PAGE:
The Rise of Africa’s Software Entrepreneurs


A San Francisco-based tech business guru says Africa has the potential to create a new wave of global software entrepreneurs.

Meltwater founder and CEO Jørn Lyseggen told Fin24 in a News24Live interview that software and Africa are going to be a very interesting combination in the future.

“Africa will play a very incredible role in future politics on the global scene,” he said. “As a continent, I think it has a lot of potential.”

He said the economic centre of gravity will need to take into account the large population in Africa as 50% of productive people between the ages 18 and 60 will be in Africa by 2040. “That is an incredible fact,” he said.

In 2008, Lyseggen launched the Meltwater Entrepreneurial School of Technology (Mest) and the Mest Incubator programme in Ghana, which provides training, investment and mentoring for aspiring technology entrepreneurs. His goal is to create globally successful companies that create wealth and jobs locally in Africa.

Training software entrepreneurs for Africa

“Initially my passion in Africa was purely philanthropic, so we wanted to create a school for software entrepreneurs and help talent,” he said. “Coming to Africa, I realised the incredible potential this continent has.

“Software is an industry where you require very limited upfront investment and all you need is a computer for a few hundred bucks,” he explained. “Software can be written anywhere. All you need is talent, drive, imagination.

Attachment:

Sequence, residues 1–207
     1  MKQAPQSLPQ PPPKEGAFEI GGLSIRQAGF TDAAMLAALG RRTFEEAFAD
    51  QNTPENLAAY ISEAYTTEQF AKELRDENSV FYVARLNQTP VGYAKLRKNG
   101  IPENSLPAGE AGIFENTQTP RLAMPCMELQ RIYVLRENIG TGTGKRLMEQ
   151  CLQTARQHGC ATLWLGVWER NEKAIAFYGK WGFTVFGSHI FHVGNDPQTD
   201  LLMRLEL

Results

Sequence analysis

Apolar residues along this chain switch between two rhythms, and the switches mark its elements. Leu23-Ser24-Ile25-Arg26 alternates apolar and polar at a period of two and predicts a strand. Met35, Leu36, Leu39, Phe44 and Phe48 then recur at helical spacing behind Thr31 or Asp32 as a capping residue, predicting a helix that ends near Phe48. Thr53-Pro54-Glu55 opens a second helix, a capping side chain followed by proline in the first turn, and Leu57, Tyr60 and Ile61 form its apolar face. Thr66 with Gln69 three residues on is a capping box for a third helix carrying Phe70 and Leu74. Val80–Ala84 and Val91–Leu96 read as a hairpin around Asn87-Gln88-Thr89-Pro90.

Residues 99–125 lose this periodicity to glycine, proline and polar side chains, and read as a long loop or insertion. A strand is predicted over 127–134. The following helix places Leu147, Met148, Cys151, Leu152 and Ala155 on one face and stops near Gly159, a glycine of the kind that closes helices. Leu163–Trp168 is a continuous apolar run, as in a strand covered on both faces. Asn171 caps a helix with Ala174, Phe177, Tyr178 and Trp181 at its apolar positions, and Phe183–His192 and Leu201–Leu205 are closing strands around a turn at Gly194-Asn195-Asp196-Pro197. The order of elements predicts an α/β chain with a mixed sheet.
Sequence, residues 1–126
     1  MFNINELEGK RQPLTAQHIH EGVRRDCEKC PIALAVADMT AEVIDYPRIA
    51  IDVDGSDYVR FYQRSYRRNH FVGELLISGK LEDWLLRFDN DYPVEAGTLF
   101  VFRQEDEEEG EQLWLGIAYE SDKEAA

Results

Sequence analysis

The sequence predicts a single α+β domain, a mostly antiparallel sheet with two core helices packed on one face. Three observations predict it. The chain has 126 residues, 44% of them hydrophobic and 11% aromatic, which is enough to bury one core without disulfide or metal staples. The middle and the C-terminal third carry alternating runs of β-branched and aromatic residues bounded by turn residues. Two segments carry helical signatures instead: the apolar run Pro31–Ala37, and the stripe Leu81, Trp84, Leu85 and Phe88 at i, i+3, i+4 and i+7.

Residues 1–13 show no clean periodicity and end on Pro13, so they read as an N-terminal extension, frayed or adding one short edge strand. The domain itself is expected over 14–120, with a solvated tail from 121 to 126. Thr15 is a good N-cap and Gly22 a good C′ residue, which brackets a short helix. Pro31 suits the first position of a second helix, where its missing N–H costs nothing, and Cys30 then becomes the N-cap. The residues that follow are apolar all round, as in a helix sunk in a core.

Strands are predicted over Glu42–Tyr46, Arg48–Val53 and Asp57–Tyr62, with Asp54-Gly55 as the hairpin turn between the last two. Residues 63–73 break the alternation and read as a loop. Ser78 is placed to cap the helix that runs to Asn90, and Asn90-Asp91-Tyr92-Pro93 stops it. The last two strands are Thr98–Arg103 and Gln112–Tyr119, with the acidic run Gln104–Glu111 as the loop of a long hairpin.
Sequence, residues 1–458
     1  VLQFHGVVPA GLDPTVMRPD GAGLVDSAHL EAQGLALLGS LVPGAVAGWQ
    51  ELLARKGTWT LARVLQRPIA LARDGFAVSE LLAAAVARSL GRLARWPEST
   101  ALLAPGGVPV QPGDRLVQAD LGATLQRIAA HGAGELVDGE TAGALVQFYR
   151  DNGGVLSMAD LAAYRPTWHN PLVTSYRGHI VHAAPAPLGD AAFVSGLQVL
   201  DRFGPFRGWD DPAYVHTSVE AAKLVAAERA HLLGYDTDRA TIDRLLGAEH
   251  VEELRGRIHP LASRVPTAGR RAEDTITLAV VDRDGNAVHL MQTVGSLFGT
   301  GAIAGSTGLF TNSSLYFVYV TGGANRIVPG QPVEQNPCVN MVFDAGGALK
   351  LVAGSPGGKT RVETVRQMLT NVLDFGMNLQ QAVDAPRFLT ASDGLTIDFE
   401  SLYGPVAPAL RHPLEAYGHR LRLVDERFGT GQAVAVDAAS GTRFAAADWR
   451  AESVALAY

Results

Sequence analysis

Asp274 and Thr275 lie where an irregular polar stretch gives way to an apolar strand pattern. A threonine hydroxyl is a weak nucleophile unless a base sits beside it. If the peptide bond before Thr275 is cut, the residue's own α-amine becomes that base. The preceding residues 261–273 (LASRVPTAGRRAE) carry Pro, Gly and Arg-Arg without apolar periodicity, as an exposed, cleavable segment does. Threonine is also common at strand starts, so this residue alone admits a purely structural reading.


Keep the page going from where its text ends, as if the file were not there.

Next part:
“I have been to Africa more than 50 times since 2007 and I see so much talent and I see so many driven people and there is no question in my mind that all the up-and-coming youth in Africa are going to make a big impact also in the software space.”

Sourced from top graduates in Ghana and Nigeria, 30 of the Entrepreneurs-In-Training are selected each year to attend at Mest and receive comprehensive training across the spectrum of skills required to build successful tech businesses, including computer programming, software development, product management, finance, marketing, sales and leadership best practices.

Lyseggen said entrepreneurship is very hard. “It’s very taxing. For many it means you go from hand-to-mouth and you make very little money for many years,” he said.

“For some other people they will start out successfully. If you want to go into entrepreneurship, I think it’s a very good thing and I encourage everyone to do it, … but you need to embrace that it is not going to be a picnic.”

The perfect employee

When recruiting employees to work at Meltwater, Lyseggen said he looks for inspiring people who are ambitious, talented, driven and capable. “But also positive people who are fun to hang around and also have a good heart, good values and good integrity,” he said.

People who have managed to break through at an early age are key to this type of employee. “We have people who are classically trained pianists… [and] others who are exceptional in sport,” he said.

“So, we have national or international champions in swimming, cycling, running, skiing [and] we have three Olympians in the company, we have a world champion fly fisher in the company.

“One time I hired a Chinese girl who was number three in the world in Street Fighter 2 – the game. We believe it says something about who you are. Whatever you put your mind to, you will probably be very successful.”